Tony Moellers, 2017 Iowa State University graduate with a double major in Agronomy and Seed Science and minor in Agricultural Business, is a Territory Manager for Mycogen Seeds, which is the retail-focused seed brand of Corteva. He manages the Mycogen corn and soybean business for 10 counties in Northwest Iowa.
As Territory Manager, no two days are alike for Tony. One day he is evaluating product performance and the next he is in strategy meetings with Mycogen’s retail partners. “Ultimately our goal is to work with our partners in identifying opportunities to grow our businesses together,” said Tony.
Senior in agronomy Tyler Flak had the opportunity to spend his summer as an agronomy intern at CNH Industrial.
Tyler spent his time both in the office and field. In the office, he worked on field data, background reading, and presentation. When he was in the field he collected data and helped setup experiments.
Tyler's favorite part of his internship was traveling to Kentucky to work on farm trials.
By being in agronomy classes at Iowa State, Tyler learned to have an open mind and was also exposed to different crop production, such as wheat, that he found to be very helpful. He also had experience from past internships working with sprayer application that provided him with a good background for being an agronomy intern.
Junior in agronomy Erin Stichter spent her summer as a production intern for Wyffels Hybrids.
Erin performed an array of jobs during her internship, beginning in the warehouse backhauling corn. She also worked briefly with field operations early in the season to help plant the seed corn fields. Once the corn was backhauled, Erin spent her work days in field operations. She scouted fields for planting errors as well as other economic risks before detassling began. In the late summer, Erin dedicated the majority of her time to field inspections for quality assurance once detassling crews had went through the fields. Erin added that everyday there was a chance to learn something new.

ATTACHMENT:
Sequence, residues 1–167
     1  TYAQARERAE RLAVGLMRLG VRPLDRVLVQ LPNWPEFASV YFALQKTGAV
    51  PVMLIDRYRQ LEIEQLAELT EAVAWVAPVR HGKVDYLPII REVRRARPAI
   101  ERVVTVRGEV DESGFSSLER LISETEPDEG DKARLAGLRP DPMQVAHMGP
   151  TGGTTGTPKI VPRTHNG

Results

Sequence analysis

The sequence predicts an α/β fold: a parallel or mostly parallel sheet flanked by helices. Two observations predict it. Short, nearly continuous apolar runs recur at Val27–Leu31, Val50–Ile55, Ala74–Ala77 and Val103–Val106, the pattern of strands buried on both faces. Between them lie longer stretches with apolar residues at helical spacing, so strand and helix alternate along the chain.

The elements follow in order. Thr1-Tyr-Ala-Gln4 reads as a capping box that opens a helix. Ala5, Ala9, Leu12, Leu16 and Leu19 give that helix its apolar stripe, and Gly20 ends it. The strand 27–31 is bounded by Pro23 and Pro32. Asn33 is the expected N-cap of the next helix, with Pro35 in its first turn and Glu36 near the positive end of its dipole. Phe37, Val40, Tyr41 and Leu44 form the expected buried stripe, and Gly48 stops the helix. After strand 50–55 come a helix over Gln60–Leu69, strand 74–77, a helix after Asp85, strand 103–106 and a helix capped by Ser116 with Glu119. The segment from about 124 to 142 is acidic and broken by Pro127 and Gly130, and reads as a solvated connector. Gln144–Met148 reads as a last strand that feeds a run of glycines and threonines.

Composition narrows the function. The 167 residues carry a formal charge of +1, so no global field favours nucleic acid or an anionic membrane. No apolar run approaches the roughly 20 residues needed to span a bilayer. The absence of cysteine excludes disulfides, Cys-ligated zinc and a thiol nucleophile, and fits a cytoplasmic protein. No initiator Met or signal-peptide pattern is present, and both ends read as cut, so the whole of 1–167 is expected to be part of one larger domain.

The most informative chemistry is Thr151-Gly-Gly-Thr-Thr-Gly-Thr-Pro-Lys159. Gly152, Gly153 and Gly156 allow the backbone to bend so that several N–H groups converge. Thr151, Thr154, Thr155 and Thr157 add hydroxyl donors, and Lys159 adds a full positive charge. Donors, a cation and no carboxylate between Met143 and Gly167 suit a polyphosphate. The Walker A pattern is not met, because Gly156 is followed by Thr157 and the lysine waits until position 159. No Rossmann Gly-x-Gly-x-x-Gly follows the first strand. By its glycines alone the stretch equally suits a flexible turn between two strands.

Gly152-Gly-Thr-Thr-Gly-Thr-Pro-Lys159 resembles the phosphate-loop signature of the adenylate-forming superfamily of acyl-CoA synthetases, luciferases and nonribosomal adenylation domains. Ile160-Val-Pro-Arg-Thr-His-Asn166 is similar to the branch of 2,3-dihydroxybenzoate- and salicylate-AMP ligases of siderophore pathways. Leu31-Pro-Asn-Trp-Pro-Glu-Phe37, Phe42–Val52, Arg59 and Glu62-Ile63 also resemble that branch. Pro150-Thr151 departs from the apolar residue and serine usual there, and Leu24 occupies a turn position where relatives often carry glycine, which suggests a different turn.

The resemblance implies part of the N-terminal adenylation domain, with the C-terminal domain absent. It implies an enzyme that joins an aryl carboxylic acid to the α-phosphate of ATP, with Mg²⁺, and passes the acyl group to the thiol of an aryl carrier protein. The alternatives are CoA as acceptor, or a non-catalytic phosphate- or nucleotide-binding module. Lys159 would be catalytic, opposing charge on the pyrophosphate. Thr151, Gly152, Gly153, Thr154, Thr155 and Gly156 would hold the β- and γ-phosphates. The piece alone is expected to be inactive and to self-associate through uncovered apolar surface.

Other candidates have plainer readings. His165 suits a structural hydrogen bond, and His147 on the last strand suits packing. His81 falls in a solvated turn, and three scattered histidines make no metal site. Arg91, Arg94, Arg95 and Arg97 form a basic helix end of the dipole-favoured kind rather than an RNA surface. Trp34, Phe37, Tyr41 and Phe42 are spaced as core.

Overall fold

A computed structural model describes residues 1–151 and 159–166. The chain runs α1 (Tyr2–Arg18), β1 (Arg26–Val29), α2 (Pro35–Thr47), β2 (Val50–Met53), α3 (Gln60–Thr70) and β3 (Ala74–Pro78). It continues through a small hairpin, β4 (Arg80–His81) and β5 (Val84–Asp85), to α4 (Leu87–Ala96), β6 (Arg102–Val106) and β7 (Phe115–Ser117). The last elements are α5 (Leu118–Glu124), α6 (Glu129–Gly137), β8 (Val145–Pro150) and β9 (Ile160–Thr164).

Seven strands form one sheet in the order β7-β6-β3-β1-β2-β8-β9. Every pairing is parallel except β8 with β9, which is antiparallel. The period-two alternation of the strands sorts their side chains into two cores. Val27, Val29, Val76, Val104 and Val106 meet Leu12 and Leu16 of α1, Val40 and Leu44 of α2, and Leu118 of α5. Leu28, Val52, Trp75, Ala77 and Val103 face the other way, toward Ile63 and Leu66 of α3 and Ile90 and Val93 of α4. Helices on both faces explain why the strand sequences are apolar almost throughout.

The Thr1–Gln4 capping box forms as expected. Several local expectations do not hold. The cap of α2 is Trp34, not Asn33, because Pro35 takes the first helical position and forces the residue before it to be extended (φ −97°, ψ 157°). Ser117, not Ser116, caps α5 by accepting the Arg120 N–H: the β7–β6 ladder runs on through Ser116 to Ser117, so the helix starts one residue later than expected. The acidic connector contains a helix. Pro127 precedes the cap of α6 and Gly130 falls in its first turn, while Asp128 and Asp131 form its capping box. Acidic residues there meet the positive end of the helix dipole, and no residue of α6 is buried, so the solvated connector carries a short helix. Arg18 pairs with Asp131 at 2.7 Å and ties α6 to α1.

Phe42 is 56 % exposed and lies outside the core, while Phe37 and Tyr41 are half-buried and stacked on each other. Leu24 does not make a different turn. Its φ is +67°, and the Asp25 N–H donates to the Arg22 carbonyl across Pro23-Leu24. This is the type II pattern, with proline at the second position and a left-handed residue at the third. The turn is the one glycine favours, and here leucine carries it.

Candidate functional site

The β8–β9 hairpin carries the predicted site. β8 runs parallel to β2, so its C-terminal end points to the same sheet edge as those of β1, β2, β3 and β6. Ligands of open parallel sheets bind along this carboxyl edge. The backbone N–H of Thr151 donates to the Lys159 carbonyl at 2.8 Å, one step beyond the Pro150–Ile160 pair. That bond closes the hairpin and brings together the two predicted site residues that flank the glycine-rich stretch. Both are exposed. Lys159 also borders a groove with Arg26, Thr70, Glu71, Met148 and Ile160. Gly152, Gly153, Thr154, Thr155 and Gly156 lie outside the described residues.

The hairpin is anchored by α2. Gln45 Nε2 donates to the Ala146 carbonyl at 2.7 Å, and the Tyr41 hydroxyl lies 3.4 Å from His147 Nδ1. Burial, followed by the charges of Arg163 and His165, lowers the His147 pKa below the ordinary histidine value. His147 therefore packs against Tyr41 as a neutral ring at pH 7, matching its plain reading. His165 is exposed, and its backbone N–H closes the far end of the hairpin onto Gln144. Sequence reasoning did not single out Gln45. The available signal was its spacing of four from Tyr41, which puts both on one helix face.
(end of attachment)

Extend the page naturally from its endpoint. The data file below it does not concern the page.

Junior in agronomy Marjorie Hanneman spent her summer working for Bayer Crop Science in Ankeny, Iowa at the high throughput genotyping facility as the Molecular Breeding Intern.
On a daily basis, Marjorie utilized lab robots to conduct real time PCR on a variety of crops and genetic traits. The project she worked on focused on testing and validating new master mix for quality and efficiency across crops, markers, and traits. She also used automated machinery to complete her daily activities as well as data collection and analysis.
"My favorite part of my internship was being able to complete lab work at such a large scale. I was able to work with about 15 different crops and learn how to manage huge data sets and design experiments. I also enjoyed working with state of the art machinery and robots and being at the forefront of biotechnology," Marjorie said.
Senior in agronomy Costas Hatzipavlides was a US Row Crop Sales Intern for Bayer last summer.
On a typical day, Costas visited saleman and customers and addressed their needs. Each day posed a new adventure, such as putting in plots, going on sales calls, and evaluating and selling hybrids, varieties, and chemicals to customers. Costas enjoyed bringing solutions to customers the most as well as working on a fun team.